• Step 6: Evaluate and revise

See additional aspects

Hardware and infrastructure
• May be supplied (e.g. by GautengOnline)
• Attempt to purchase good quality hardware with
a guarantee, never below “entry-level”
• Apart from computers, have to purchase
peripherals like printers, network equipment,
scanners, etc.
• Network cabling
• Electrical outlets
• Suitable desks and chairs
• Airconditioning
Where to place computers?
• Need to decide in one venue (computer room) or in all or
some classrooms
• Each has benefits and limitations
• Consider layout carefully (see p 78/79)
– Teacher-centred
– Learner-centred
• What about mobile computers (laptops) and mobile
projection devices?
• Implications of putting computers in classrooms:
– Teacher competence
– Internet connection
– Data projection
Educator development
• Basic skills
• Integration skills
• International Society for Technology in
Edcation (ISTE)
• ISTE standards (see p 81) and
performance standards
Learner standards
• ISTE standards for learners: (p82)
– Basic operations and concepts
– Social, ethical and human issues
– Technology productivity tools
– Technology communication tools
– Technology research tools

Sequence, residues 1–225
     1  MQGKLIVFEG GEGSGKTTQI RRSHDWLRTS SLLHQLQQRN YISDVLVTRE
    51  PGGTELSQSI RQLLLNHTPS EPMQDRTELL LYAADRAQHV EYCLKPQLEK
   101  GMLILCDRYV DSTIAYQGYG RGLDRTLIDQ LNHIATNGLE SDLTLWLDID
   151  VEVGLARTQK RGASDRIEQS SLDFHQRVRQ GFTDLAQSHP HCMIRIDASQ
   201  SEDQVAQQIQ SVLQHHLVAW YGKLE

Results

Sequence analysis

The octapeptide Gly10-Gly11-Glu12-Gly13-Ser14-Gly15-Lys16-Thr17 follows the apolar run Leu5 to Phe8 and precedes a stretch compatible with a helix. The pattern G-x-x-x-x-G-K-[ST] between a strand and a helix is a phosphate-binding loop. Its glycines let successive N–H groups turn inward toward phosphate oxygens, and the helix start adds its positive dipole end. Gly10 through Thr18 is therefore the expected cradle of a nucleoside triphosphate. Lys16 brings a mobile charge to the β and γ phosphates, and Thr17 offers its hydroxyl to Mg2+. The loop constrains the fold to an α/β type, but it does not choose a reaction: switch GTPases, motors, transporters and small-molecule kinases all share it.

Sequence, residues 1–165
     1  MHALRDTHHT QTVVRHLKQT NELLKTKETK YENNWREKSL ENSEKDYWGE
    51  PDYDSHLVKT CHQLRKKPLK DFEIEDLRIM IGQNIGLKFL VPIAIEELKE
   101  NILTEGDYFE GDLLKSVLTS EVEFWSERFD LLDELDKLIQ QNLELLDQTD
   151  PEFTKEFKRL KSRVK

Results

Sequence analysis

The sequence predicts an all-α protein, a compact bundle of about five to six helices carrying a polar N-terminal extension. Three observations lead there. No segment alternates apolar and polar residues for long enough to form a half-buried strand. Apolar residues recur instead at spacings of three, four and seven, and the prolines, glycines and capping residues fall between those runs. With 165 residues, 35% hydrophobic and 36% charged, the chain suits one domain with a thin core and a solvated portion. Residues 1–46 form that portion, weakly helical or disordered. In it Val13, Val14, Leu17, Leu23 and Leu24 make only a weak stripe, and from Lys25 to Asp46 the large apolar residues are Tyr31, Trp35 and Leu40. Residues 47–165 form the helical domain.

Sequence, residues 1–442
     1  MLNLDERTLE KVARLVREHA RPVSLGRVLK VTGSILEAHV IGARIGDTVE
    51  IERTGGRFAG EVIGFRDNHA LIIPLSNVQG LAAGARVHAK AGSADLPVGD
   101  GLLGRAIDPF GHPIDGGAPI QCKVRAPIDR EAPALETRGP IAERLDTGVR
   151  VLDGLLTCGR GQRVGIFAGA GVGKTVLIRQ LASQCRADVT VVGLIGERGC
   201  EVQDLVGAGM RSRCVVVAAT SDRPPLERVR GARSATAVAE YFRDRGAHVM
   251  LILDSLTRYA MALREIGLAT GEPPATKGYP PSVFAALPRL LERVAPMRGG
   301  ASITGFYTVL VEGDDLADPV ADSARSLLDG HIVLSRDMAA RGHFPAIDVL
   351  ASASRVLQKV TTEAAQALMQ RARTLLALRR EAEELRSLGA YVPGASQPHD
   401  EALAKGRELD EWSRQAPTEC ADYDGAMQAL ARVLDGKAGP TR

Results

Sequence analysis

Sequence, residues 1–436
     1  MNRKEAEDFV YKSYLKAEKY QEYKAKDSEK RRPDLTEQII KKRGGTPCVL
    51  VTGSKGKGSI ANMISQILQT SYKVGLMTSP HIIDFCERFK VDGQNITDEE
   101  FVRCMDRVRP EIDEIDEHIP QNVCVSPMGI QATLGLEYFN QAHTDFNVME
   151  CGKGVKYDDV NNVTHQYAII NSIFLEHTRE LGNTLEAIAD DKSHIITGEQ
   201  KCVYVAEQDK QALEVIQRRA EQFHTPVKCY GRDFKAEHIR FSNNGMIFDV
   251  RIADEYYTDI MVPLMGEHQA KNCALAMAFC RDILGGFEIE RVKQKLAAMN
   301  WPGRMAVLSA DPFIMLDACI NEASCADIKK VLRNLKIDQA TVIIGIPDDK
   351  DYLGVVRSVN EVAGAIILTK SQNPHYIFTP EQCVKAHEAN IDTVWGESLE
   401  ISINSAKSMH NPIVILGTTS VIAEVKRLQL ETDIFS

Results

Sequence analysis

– Problem-solving and decision-making tools
• NRCELA (p83)
– Basic
– Critical
– Construction
Curriculum integration
• Technology must become part of daily learning
activities: integrated!
• Integration not the same as infusion!
• Integration means subject area objectives are targeted
where appropriate
• Emphasis on curriculum, not computer
• Computer is partner, not competitor
• Computers are treated in a natural way
• Integration fosters ‘invisibility’
Maintaining computer systems
• Viruses and worms
• Care and maintenance
– Neatness
– Proper software procedures (like shut down)
• Safe cabling
• No eating and drinking
• Consider ergonomics

Communication and computer

networks in education
Communication networks
• Also called telecommunications
• Allows computers to communicate with each
• Facilitates sharing of resources (e.g. printers)